2. Show gratitude when the time comes (you need to understand that people crave more and more recognition);
  3. Know how to charge and be rigorous when necessary.

Method 3Fs

In order to put everything they learned into practice, the group came to the conclusion that using the 3Fs Method would be the best way to achieve the long-awaited change in their teams.

For that, it is necessary:

  1. Establish Fundamentals. The leader must establish the standards, rules, and conduct of a team. It is necessary to make clear what is and is not allowed and what are the expected results of each team member;
  2. Promote Feedback. The leader must provide feedback if there is performance different from the established standards, that is, if someone is performing above or below the determined level, feedback is required. If the performance is higher, it is appreciation feedback, if it is bad, training is needed to enable the member to reach the expected standard;
  3. Eliminate Friction. In addition to training, the leader must provide the necessary tools to eliminate the difficulties/gaps of those who are performing below the stipulated goal.

Also to eliminate frictions, the group brings the exercise of 3 Es, which are:

  1. Establish the income gap;
  2. Explore the reasons for this gap;
  3. Eliminate the lag.

But remember, everything must be established on facts.

Characteristics of Great Leaders

"There is a big difference between being involved and committing to something."

This sentence exemplifies well the concept that the group developed. In their view, great leaders are committed to excellence and always seek continuous improvement. The search for excellence motivates people and that is why mediocrities should not be allowed in any team.

In addition, the group mentions that outstanding leaders are humble:

"Humility is not having a negative opinion of yourself. It is thinking less about yourself."

According to author James Hunter, humility is being receptive to learning and seeking to know if the needs of others are being met.

In the same line of reasoning, meeting the team's needs is serving. Serving, in turn, is one of the main characteristics for building authority and leading a team.

Are you committed to your team? And how is your humility? Did you realize the importance of these items to be a successful leader?

In addition, the group also emphasizes the importance of being a person of character in building an ideal leader. They emphasize Dwight Moody's phrase to exemplify such a characteristic:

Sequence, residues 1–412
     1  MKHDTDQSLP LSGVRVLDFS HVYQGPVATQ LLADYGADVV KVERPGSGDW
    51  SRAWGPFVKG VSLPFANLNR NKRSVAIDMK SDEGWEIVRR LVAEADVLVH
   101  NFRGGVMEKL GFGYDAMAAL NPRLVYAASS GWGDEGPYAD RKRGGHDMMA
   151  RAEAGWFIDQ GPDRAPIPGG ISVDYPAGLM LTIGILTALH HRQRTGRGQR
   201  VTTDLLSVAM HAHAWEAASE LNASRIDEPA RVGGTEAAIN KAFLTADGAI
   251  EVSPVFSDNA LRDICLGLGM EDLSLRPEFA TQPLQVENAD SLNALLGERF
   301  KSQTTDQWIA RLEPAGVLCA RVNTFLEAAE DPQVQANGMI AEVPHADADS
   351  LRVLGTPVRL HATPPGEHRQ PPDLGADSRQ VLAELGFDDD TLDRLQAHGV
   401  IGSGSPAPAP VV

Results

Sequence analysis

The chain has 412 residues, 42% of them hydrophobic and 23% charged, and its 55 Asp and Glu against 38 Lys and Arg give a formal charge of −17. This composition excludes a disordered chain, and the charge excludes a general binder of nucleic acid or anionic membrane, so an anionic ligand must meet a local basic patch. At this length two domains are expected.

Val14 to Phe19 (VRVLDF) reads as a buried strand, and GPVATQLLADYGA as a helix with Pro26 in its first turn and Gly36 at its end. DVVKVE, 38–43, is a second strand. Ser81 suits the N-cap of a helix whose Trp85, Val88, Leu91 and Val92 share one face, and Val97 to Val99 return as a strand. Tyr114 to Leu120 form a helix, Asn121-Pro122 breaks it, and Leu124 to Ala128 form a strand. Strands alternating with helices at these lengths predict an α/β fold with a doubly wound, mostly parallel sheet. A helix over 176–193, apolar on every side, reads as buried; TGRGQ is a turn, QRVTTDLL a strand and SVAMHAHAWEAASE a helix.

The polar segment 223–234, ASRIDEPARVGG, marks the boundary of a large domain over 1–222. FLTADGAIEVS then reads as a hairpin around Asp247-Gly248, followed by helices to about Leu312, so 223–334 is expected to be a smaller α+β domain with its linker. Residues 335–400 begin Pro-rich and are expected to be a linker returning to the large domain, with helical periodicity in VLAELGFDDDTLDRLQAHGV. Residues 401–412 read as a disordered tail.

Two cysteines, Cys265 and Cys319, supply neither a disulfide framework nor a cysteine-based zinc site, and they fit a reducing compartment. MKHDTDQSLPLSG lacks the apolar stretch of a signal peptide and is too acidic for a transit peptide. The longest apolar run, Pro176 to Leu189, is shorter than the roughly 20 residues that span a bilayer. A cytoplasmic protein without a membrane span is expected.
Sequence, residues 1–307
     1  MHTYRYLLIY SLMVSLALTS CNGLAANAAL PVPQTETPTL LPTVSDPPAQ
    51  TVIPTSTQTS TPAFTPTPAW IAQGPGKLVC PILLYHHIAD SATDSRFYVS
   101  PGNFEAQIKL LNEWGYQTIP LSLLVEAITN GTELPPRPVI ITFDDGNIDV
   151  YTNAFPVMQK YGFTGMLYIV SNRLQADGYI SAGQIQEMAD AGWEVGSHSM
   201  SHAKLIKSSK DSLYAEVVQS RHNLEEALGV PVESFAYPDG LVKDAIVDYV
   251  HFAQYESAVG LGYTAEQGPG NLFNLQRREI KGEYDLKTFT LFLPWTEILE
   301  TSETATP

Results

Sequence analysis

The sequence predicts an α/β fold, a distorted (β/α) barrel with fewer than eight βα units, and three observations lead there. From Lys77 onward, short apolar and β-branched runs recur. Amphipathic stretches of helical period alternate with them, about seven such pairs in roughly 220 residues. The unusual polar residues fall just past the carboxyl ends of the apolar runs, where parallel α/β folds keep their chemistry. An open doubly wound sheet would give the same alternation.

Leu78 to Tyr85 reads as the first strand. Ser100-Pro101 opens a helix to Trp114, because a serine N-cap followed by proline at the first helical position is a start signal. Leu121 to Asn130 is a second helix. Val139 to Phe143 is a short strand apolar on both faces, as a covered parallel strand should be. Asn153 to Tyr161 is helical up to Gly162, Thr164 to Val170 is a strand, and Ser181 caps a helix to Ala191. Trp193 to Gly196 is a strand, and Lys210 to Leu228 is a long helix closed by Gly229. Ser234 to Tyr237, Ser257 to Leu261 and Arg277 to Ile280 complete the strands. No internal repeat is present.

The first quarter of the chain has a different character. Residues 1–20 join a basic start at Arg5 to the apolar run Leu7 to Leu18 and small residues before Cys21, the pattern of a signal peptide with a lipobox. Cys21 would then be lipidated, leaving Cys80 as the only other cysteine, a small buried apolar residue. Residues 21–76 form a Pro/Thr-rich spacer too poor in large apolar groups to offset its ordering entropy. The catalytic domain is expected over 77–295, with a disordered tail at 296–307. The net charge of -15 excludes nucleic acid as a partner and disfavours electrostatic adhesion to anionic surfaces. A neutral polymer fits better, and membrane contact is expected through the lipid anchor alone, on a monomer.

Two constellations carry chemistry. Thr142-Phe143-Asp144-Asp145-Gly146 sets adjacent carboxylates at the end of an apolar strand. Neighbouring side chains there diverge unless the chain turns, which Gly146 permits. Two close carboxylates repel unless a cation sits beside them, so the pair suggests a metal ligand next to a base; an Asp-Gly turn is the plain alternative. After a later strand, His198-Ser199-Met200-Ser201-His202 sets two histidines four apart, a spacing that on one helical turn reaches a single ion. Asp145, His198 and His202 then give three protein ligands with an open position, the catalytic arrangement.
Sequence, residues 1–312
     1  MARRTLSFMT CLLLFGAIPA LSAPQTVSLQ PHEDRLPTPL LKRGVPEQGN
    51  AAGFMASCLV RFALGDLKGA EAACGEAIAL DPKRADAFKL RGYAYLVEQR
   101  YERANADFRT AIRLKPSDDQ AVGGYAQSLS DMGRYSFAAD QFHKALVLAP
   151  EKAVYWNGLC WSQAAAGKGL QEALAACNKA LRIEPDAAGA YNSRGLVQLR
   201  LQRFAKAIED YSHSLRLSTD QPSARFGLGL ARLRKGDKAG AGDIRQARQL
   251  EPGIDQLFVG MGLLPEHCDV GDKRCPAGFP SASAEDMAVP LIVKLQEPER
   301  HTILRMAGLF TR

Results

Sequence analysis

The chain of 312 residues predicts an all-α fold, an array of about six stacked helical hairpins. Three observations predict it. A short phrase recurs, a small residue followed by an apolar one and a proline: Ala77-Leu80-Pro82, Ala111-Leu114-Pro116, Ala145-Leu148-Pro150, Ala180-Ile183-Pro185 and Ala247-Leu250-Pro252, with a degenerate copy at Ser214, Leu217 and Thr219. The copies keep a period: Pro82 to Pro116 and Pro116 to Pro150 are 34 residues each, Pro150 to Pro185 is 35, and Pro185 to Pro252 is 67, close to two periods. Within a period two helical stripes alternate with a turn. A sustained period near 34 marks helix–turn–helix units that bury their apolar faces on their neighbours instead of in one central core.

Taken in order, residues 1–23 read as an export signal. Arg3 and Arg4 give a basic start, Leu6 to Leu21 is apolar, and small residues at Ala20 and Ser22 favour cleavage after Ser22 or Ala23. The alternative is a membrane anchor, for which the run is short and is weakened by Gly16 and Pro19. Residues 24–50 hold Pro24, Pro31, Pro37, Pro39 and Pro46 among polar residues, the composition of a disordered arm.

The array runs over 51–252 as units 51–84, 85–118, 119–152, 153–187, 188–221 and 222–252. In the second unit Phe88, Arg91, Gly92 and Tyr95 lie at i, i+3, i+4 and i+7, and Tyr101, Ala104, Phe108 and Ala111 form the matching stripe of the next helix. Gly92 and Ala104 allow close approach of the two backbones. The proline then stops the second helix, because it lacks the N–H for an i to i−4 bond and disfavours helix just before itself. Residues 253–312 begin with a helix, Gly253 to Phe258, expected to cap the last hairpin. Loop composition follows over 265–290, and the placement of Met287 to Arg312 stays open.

"Character is what you are in the dark when no one is looking."

In their view, the character is the courage to do what is right and that inspires confidence and excellence for the team.

Overview: The different stages in team building

So far we have seen the importance of being a good leader. Did you know that excellent organizations, in addition to having great leadership, also have a great culture?

In this overview, we will see how to create a community of excellence, which directly influences an organization's culture.

But, after all, what is an organization, culture, and community in the group's view?

According to the book "The Culture", in order to create a community, you go through four stages, which are:

  1. Pretending: at this stage, the group pretends to be united. There are no differences of opinion or ideas, people generally avoid talking too much to prevent conflict and, when they speak, they are about general matters;
  2. Friction or storm: at this stage, the group already adopts a behavior of discussion. People tend to be selfish because each person wants to impose his truth. The "masks" built in the first stage fall and here it is common to blame the leader for all the differences that arise;
  3. Formation: after the dark times, people strive to be members of a team. In this scenario, members already understand and respect differences. Here it is clear to everyone that being part of a problematic team is to be a problem for common goals;
  4. Functioning: teams that reach this stage understand that the team is more important than the individual. The phrase of NBA coach Phil Jackson exemplifies the functioning of teams that reach the last level:

"Creating a successful team requires that the individuals involved give up personal interest in favor of the common good so that the whole is more than the sum of the parts."

What stage is your team at? With the concepts learned in this work, it is possible to reach the stage of the functioning of a community.

Are you prepared?

What do other authors say about it?

For John C. Maxwell, author of "Leadership Gold", the best leaders are those who know how to listen. Listeners know what's going on because they are attentive.

They learn better than others because they absorb ideas from different places. In addition, good listeners have the ability to see other people's strengths and weaknesses better.

Ed Catmull, the author of the book "Creativity Inc.", advises: always give more preference to people than to ideas, because creative people create good ideas, but good ideas can be destroyed by bad teams.

Finally, in "Good To Great", the author Jim Collins explains how applying the culture of discipline in a company can leverage the results, disseminating this practice to all employees, which are essential for the success of an organization.

Okay, but how can I apply this to my life?

  • Be a leader who takes responsibility for the success and safety of the group;
  • It values the culture of excellence;
  • Be open with your team;
  • Do what is right;
  • Silence is worth gold, listen to your team;
  • Lead by the authority. Set an example, love your team, and sacrifice yourself for it;
  • Set goals and guidelines;
  • Give feedback and Training to your team;
  • Do not give up. The road is long, but the results arrive.

Did you like this summary of the book "The Culture"?

We hope you enjoyed our summary and are able to develop your leadership by following the advice of author James Hunter. Leave your opinion in the comments, your feedback is very important to us!

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Book 'The Culture'